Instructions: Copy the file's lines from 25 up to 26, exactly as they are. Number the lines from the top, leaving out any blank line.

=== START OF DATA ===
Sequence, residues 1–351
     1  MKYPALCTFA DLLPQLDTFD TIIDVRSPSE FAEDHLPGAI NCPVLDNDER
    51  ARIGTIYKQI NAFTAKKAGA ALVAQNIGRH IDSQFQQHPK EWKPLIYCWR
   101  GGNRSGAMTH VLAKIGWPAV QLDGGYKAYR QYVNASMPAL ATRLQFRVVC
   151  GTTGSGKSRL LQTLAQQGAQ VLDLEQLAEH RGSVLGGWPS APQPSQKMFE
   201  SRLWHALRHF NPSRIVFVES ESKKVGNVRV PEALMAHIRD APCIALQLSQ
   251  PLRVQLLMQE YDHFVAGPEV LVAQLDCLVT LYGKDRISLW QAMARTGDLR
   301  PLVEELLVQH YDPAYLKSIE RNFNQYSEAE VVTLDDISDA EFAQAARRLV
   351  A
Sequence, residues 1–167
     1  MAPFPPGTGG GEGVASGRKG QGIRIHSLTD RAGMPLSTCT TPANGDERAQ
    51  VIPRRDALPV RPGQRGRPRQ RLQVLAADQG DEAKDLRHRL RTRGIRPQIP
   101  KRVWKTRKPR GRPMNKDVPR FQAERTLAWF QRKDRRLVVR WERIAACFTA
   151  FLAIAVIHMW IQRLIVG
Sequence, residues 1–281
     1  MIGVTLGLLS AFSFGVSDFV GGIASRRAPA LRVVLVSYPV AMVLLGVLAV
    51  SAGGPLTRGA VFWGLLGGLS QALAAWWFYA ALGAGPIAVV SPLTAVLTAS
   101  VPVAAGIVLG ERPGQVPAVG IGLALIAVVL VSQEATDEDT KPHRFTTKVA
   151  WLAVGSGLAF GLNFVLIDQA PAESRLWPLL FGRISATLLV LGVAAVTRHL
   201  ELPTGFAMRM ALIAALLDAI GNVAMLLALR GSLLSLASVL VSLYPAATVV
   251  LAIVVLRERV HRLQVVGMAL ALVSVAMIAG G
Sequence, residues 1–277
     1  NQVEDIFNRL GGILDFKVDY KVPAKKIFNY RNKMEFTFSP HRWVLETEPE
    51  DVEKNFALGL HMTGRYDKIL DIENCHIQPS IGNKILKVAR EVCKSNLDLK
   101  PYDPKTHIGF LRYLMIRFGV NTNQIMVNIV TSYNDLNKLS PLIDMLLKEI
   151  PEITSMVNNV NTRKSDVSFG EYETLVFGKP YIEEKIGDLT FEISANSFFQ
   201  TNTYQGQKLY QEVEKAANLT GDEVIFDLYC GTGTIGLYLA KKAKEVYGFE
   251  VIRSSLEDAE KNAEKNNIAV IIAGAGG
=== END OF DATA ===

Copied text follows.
   101  PYDPKTHIGF LRYLMIRFGV NTNQIMVNIV TSYNDLNKLS PLIDMLLKEI
   151  PEITSMVNNV NTRKSDVSFG EYETLVFGKP YIEEKIGDLT FEISANSFFQ